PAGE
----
Wednesday, July 4, 2018

My reasoning for "Awkward US Independence Day facts for Americans"

This morning, still a bit sleepy, I tweeted (and Facebooked):
Awkward US Independence Day facts for Americans

If we had not rebelled:

1. Slavery would've ended decades earlier without a war.

2. The average citizen's life would've been effectively the same.

3. Our median wealth would be much higher.

4. Everyone would have health care.
Cathy Young, whose writing on identity issues I admire, retweeted it. Now her most jingoistic followers are throwing hissy fits over two things:

1. I offered speculations and therefore should not have said "facts".

2. They believe that without the United States of America, the planet would be a hellhole in which the Confederacy would have seceded and perpetuated slavery. Depending on the person's beliefs, the hellhole would be controlled by the Germans or the French because the US would not have been around to save the world. Surprisingly, no one has suggested the Catholic Church as a world-controller yet, but I'm still expecting that one.

If I'd been more awake when I made the post, I probably wouldn't have said "facts", but I was thinking of these facts that support my scenario:

1. Britain abolished slavery in 1833; by 1843, slavery had ended throughout the Empire.

2. The average Canadian and American have always enjoyed comparable freedom and prosperity.

3. "In 2011, Canada had a median household wealth of $89,014 to $52,752 for the United States."

4. Canada has provided every citizen with health care for decades, and their approach is very popular with Canadians.

Here's why I think my conclusions are likely, though I grant that other scenarios are possible when playing the alternate history game:

1. The Enlightenment began very early in the 1700s. Had the American Revolution failed, there's no reason to assume that would be the end of those ideals. The USSR's collapse did not kill the dream of socialism. The pressures that burst out in revolution in other countries would not be changed—the only question there is whether a French monarchy that had not been weakened by the cost of supporting the American Revolution would be more likely to suppress a revolution at home.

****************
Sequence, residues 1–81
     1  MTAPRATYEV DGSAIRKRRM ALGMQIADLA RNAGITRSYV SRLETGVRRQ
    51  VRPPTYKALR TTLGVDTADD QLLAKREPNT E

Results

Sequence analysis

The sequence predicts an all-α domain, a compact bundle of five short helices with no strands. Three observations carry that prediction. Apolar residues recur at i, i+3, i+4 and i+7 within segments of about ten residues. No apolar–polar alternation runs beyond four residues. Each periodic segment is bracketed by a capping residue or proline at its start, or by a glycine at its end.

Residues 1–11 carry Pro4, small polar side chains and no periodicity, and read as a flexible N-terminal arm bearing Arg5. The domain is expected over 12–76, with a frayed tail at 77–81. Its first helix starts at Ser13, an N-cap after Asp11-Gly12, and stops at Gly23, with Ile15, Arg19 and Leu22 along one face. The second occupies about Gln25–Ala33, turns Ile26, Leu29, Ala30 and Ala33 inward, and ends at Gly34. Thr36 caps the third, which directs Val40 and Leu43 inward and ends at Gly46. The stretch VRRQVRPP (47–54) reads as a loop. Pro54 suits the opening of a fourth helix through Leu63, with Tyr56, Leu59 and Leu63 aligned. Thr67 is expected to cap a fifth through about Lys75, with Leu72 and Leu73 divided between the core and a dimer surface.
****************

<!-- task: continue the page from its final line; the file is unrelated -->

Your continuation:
2. When Britain was deciding the issue of slavery in the altered timeline, American colonies would add to both sides of the debate. There's no reason to assume the South would be more successful in that timeline than in ours.

3. If the South seceded in response to abolition, they would be even more likely to fail because they would not only face the armies of the northern colonies—they'd certainly face Canadian troops, and they might face additional forces sent by Britain.

4. But it is less likely that the South would secede, because in that timeline, they would not have any hope of being recognized as an independent nation by Britain or France.

5. Since Canada gained independence in 1867 in our history, it's likely Canada and the American colonies would have become part of the Commonwealth around then.

6. American troops would have entered World War 1 in 1914 when Canada did. With an earlier entry by more troops, World War 1 would have been shortened. Whether the Russian Revolution would have happened anyway in 1917, I leave to other historians. An earlier victory would probably end with fairer terms than the Treaty of Versailles, which strongly suggests Hitler would've never risen to power in that timeline, and so there would've been no Holocaust.

7. If you assume Hitler or another German leader went to war in the 1940s, American troops would have entered World War 2 in 1939 when Canada did. Whether that earlier entry would significantly change history depends on your other assumptions—if Russia's history stays much like it is in our world, the USSR would still deserve most of the credit for defeating Germany.